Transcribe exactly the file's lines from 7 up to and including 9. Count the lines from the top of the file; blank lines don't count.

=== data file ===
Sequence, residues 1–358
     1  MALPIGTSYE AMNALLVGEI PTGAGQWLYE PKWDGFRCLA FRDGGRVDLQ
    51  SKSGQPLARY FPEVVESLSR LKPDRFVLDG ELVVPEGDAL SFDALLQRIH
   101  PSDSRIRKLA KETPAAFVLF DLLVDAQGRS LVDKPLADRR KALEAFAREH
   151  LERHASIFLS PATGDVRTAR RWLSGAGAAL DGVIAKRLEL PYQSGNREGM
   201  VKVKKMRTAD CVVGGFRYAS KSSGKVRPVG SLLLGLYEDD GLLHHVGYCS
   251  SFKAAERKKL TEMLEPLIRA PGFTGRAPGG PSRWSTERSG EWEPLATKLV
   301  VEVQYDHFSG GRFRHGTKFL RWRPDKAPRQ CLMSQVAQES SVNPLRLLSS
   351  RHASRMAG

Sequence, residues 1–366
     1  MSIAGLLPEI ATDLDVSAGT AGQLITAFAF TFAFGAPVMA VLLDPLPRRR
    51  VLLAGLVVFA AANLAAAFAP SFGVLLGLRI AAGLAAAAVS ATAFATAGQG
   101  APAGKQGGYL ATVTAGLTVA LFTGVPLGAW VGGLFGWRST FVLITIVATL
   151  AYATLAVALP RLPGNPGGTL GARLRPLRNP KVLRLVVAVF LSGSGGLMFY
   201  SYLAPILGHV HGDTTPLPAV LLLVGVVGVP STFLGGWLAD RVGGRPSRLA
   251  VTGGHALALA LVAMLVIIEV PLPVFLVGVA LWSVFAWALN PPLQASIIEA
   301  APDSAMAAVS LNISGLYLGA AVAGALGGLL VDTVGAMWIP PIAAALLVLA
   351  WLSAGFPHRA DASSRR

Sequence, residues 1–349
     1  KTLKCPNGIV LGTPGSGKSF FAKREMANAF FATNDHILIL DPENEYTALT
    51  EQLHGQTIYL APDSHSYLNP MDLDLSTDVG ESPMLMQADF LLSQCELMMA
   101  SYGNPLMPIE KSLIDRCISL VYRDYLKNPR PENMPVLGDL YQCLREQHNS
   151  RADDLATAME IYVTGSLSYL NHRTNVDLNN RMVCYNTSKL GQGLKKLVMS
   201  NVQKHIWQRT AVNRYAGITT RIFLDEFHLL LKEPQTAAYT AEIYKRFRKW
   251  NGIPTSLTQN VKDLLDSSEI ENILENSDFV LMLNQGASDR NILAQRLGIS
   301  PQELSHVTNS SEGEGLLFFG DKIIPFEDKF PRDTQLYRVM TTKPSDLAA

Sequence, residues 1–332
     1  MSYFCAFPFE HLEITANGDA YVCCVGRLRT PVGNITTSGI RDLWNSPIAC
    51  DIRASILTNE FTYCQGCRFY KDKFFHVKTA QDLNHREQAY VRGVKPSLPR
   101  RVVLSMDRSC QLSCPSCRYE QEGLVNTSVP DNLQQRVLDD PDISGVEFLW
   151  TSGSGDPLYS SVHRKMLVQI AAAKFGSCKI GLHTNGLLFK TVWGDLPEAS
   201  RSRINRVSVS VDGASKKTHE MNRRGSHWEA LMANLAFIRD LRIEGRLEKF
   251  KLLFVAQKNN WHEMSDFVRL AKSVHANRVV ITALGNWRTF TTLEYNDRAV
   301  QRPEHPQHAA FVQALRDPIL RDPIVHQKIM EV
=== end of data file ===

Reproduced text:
   251  SFKAAERKKL TEMLEPLIRA PGFTGRAPGG PSRWSTERSG EWEPLATKLV
   301  VEVQYDHFSG GRFRHGTKFL RWRPDKAPRQ CLMSQVAQES SVNPLRLLSS
   351  RHASRMAG